INDIGENOUS CHOREOGRAPHERS AT RIVERSIDE 2018 Gathering (University of California, Riverside; Riverside, CA, United States) April 27 – May 6, 2018 Deadline: 04/27/2018 Online Application: http://icr.ucr.edu/ Fee to Participate or Apply: 0 Description Of Opportunity: Dancing Toward a Future Rooted in Ancestral Knowledge Dance artists from Guatemala, Mexico, New Zealand, and the United States will offer dance performances and workshops at UC Riverside. Indigenous dancers from across the globe will unite at the University of California, Riverside for a two-week interdisciplinary dance experience. Dance artists from Guatemala, Mexico, New Zealand, and the United States will offer dance performances and workshops at the seventh-annual Indigenous Choreographers at Riverside Gathering(ICR) set to take place from April 27 to May 6. All events are free and open to the public. The annual ICR event is meant to create a space where indigenous dance artists can come together to share work, connect with each other, and – along with invited scholars, UCR students, and community members – discuss the social, political, and historical implications of indigenous dance, said UCR’s Jacqueline Shea Murphy, ICR’s creator and associate professor of critical dance studies in UCR’s Department of Dance. This year’s two-week ICR gathering is being produced in collaboration with the annual UCR Native American Student Program’s annual Medicine Ways Conference. Shea Murphy is co-directing this year’s event with María Regina Firmino-Castillo, assistant professor in UCR’s Department of Dance, and with the guidance of Jack Gray and Rulan Tangen, world renowned indigenous dance leaders. This year’s featured artist is Grupo Sotz’il, a Guatemalan eight-member Kaqchikel and Mam Maya music and dance collective formed in 2000. These eight members created Grupo Sotz’il as a way to strengthen knowledge and arts, two components the artists say have been suppressed in Guatemala since the Spanish invasion in 1524, and through decades of recent genocidal and neocolonial violence against Guatemala’s 24 indigenous nations. The internationally renowned group presents multi sensory dance works that reflect the present and envision the future, while being firmly rooted in the knowledge of their ancestors. The group has won many awards, and recently performed at the Smithsonian National Museum of the American Indian. Their presentation at UCR is part of an international project funded by New England Foundation for the Arts National Dance Project with its prestigious annual touring award. Grupo Sotz’il will be in residence at UCR for two weeks performing original dance and music, offering workshops, and participating in the ICR’s scholarly dialogues. The 2018 ICR program opens with a video screening, lecture-demonstration, and conversation with Grupo Sotz’il on Friday, April 27, at 7 p.m. at the Culver Center of the Arts in downtown Riverside. On Thursday, May 3, 6:30 p.m., also at the Culver, Grupo Sotz’il members will take part in a dance and ceremony exchange with invited national and international dance artists, including: Will Madrigal and the Mountain Cahuilla Bird Singers; Lukas Avendaño; Louise Potiki Bryant; Jack Gray; Sam Mitchell; Rulan Tangen; and Ni’Ja Whitson. Among the invited artists’ recent honors are UCR assistant professor Ni’Ja Whitson’s 2017 Bessie Award, Rulan Tangen’s 2018 Kennedy Center Citizen Artist Fellow Recognition Award, and New Zealand-based Louise Potiki Bryant’s 2016 Harriet Friedlander Residency. Potiki Bryant is also a visiting assistant professor in the UCR Dance Department this spring. Colloquia, workshops, and lecture-demonstrations scheduled as part of this year’s ICR gathering include a writers workshop on Friday, April 4. This day-long event will bring renowned indigenous dance artists and scholars, including choreographer Emily Johnson and scholar Karyn Recollet, to campus to work together on a proposed new anthology on Critical Indigenous Dance Studies. These events culminate on May 5 at 6 p.m. when Grupo Sotz’il will perform “Uk’u’x Ulew: Heart of Earth” at UCR’s R’Garden near lot 30. This 60-minute original performance and ritual will feature fire, water, earth, and air simultaneously interacting in harmony and conflict. From their collusion and collision, K’aslemal, life, is born. Shea Murphy envisioned and started building the ICR project many years ago. Noting how indigenous perspectives were largely omitted in the emerging field of dance studies, despite the influence of indigenous dance in modern dance, moved Shea Murphy to dedicate her research to critical indigenous dance studies and to create spaces such as the ICR. “ICR grew from my having that sense that, even though throughout my adult life I had only been taught one way of seeing the world, what had been presented to me as truth was in fact far from it,” said Shea Murphy, who has engaged with indigenous dance for more than 20 years. View the full schedule: icr.ucr.edu/2018-schedule How To Apply: See website Contact Email:firstname.lastname@example.org Website: http://icr.ucr.edu/ LIST YOUR OPPORTUNITIES: Share your open calls, commissions, grants, workshops, classes, festivals, and more with the network. Submit here! These posts are not affiliated with Contemporary Performance Network, but are of interest to our community. We post these with the caveat to check the sources and research the opportunities or views expressed in the posts.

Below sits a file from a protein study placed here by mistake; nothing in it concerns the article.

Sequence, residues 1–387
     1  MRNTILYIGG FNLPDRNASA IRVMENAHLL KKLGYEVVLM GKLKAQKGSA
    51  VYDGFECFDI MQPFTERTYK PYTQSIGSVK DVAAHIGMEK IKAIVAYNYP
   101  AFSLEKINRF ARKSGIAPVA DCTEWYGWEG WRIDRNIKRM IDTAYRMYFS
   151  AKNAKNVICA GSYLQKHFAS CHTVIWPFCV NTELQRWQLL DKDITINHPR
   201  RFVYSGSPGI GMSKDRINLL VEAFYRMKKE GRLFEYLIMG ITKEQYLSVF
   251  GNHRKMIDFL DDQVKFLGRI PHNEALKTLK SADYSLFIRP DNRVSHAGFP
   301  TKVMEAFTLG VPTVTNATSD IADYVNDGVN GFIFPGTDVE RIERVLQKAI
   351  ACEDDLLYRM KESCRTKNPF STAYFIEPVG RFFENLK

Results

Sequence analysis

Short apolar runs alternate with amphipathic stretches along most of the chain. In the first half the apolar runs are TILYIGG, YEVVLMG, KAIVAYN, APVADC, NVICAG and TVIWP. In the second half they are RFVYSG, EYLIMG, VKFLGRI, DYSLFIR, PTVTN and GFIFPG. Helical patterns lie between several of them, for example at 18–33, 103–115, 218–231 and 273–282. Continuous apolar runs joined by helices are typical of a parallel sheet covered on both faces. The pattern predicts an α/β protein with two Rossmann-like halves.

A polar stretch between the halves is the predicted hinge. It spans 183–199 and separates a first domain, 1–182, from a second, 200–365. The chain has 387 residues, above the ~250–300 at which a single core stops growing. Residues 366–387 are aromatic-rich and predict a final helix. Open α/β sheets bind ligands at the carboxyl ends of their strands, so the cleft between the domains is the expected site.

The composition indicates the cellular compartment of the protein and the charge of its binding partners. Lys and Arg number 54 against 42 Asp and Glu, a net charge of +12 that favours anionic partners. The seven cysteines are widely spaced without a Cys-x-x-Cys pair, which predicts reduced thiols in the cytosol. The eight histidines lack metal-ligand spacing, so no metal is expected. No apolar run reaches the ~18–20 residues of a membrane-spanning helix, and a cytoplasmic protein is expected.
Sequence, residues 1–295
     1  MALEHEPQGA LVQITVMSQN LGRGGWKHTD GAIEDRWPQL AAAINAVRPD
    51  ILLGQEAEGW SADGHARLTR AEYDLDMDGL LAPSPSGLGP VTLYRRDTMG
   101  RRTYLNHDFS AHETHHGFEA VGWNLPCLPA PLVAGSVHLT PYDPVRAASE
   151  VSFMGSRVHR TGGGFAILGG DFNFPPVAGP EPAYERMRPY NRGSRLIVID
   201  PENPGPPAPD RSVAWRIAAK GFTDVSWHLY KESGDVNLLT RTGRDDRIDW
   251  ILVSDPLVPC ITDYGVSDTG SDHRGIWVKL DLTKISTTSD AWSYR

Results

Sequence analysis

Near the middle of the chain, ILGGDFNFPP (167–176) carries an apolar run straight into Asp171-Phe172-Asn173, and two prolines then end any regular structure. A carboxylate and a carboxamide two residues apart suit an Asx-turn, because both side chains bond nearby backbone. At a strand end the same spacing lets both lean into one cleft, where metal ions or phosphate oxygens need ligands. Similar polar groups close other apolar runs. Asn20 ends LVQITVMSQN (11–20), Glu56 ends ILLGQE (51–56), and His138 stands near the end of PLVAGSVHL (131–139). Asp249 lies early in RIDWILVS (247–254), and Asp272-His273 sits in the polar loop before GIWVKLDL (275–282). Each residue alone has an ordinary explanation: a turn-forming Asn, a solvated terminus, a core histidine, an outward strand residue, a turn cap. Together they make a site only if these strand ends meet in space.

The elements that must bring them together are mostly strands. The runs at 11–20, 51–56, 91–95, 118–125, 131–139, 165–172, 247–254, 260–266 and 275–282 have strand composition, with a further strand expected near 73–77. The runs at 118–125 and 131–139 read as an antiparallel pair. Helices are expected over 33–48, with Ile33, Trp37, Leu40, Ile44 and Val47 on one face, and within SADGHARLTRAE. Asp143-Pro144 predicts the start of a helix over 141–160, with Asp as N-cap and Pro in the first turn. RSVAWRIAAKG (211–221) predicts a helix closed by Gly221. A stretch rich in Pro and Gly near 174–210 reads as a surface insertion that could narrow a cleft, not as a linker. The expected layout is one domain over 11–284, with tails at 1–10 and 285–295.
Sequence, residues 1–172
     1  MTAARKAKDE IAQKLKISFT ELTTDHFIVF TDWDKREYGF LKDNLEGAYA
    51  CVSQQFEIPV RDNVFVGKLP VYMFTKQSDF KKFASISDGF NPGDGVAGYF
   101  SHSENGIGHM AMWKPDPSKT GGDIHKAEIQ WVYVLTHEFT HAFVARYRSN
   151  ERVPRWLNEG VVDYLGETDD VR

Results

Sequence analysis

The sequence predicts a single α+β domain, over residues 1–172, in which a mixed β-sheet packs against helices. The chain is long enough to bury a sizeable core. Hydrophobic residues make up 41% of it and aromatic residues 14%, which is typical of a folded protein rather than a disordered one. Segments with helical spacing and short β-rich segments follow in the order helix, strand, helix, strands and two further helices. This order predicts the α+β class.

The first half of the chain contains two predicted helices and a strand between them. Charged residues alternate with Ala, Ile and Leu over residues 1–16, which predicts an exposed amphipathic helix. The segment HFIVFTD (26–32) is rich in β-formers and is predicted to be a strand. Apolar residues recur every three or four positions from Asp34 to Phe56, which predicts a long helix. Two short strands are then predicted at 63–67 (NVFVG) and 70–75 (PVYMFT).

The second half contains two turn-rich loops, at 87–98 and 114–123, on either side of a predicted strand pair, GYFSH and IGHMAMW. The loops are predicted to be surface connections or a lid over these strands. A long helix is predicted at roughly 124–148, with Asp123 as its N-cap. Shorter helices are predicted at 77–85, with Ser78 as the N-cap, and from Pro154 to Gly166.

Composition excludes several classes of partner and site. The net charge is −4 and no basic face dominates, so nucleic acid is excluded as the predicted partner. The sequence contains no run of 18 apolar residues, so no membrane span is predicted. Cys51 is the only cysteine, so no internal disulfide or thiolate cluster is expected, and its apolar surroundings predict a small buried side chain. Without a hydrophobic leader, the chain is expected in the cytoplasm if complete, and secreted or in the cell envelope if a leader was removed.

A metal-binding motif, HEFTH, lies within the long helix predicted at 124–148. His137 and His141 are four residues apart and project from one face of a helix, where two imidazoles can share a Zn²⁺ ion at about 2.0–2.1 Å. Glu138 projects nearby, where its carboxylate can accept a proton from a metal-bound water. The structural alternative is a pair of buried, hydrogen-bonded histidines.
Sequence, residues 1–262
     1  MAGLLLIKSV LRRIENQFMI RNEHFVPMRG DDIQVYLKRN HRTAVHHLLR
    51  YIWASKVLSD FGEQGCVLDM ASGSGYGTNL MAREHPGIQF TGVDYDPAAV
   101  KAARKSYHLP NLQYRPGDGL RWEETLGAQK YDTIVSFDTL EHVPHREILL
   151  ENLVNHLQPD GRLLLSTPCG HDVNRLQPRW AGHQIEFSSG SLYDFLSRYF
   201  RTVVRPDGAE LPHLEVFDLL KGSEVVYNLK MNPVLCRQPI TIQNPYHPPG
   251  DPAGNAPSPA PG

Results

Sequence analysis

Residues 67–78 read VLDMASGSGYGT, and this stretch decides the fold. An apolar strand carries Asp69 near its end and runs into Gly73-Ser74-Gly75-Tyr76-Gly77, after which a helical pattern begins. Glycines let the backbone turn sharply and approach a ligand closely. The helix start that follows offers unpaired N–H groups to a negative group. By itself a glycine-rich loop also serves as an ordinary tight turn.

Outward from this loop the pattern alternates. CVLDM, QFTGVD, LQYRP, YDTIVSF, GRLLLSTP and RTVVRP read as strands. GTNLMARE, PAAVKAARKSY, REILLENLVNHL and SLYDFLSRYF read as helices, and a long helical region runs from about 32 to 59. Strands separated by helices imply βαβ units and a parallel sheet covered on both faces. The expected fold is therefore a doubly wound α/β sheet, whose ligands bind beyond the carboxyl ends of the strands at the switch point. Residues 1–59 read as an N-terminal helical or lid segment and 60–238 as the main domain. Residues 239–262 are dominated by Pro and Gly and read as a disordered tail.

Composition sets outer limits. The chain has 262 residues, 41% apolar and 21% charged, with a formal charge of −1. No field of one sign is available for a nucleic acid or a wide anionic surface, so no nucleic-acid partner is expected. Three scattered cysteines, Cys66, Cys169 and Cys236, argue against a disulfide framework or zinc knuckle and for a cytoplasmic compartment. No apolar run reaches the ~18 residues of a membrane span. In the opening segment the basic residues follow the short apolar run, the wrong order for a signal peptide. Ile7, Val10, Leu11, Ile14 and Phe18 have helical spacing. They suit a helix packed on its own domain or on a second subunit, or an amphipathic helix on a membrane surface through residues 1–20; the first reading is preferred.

portrait of myself as my father nora chipaumire Walker Art Center March 23-25, 2018 A boxing ring is the setting for nora chipaumire’s sparring match with the spectre of her father. The Walker Art Center’s patrons, transplanted to a mildly dilapidated industrial neighborhood and welcomed into the Uppercut Boxer Center (which has the faint scent of all old-school sports facilities: sweat and old socks) may feel out of their comfort zone already as they make their way past chipaumire herself on the way into the performance space. The mostly-white audience ducks under the elastic tether by which chipaumire is bound to the large boxing ring, and they hurry to find seats as chipaumire scolds them to sit down in a mix of English and pidgin. The boxing ring provides a prominent metaphor for chipaumire’s subject, as the competitive arena of violence-based professional sport is the venue for examining the somewhat mythical figure of chipaumire’s father, Webster Barnabas Chipaumire, and by extension, the entire construct of black African masculinity. The costumes, designed by chipaumire, accentuate the masculine. She wears large shoulder pads, goggles, saggy pants, a plethora of belts, and a talisman around her waist that doubles as a phallus. Pape Ibrahima Ndiaye, as her father, is put on display as an object in a metal-studded leather harness, light red shorts, and a few pieces of jewelry, but mostly a black body bared to the scrutiny of the audience and of chipaumire. The father is explored as the expected paragon of all things: the strongest, the fastest, the most terrifying, the most commanding. One sequence involves a step-by-step breakdown of how to become a black African man, involving such tips as: slow way down, look shifty, act like you have all the bling in the world, and talk real loud. The expectations of and pressures on the black body mount, and any failure to live up to the ideals is met ruthlessly. “Pussy,” chipaumire taunts when the man doesn’t want to fight any more. She berates him mercilessly, spurring him into the next action (“run”) and the next (“fuck”) in a physically exhausting sequence until there’s nothing left but the eventual promise of death. Through it all, the third performer, Shamar Watt, cheers on the action, operating lighting, proffering props, and generating hype like the best of traditional African wedding MCs, pumping up chipaumire and the crowd with a constant stream of praise and enthusiasm. Indeed, the performance generally maintains the atmosphere of a sporting event or a celebration rather than a funeral dirge. Between the deep dives into the psyche of the black African male are moments of pleasure and whimsy, like the sequence in which the performers break out selfie sticks and pose in the pitch-darkness for photos with each other. There are sequences of more traditional African dance where the audience is called upon to clap and shout along, and where the performers good-naturedly argue about what to do next. In the end, however, chipaumire reminds us that this portrait is, for her at least, more than a theoretical exploration. “I carry the carcass of my father,” she says, as Ndiaye clings to her. In that moment, stripped of theatrical trappings, lit only by the light of Watt’s cell phone, she reminds us that this arena is no mere game to her, but a thing to which she is forever tied. photo: Gennadi Novash, courtesy of Peak Performances@ Montclaire State University, 2016
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Share Work at Shabbat Art-In (Hayward, CA, USA) 04/20/18 Deadline: 04/14/2018 Online Application: http://www.dandeliondancetheater.org Fee to Participate or Apply: 0 Description Of Opportunity: Bandelion and the CSUEB Inclusive Interdisciplinary Ensemble present a monthly series of experimental performance events that weave together dance, music, theater, bodywork, napping, projections, community gathering, play, inquiry, discussion, meditation, healing, jam session, Shabbat service, choose-your-own-adventure, hanging out, and whatever inspirations you bring! One Friday each month, 6:30 – 10pm in CSUEB’s Dance Studio, Room PE 140. We’re looking for artists of all disciplines (and non-disciplines) to share your works, experiments, explorations, guided exercises, and raw materials. You can also bring part of a work that still needs collaborators and ask other artists present to collaborate on the spot and see what happens! The basic schedule will be something like the following (but it is always subject to change based on the flow of that particular Art-In): 6:30 – 7:15 pm Healing Music and Dance Open Session 7:30 – 7:45 Inclusive Shabbat Ceremony 7:45 – 10:00 Performances, Jam Sessions, Spontaneous Creation, Interactive Activities Come join the exploration! How To Apply: Send an email with a description of the work you do and what you’d like to share at the Shabbat Art-In to Eric Kupers at: email@example.com Contact Email:firstname.lastname@example.org Website: http://www.dandeliondancetheater.org LIST YOUR OPPORTUNITIES: Share your open calls, commissions, grants, workshops, classes, festivals, and more with the network. Submit here! These posts are not affiliated with Contemporary Performance Network, but are of interest to our community. We post these with the caveat to check the sources and research the opportunities or views expressed in the posts.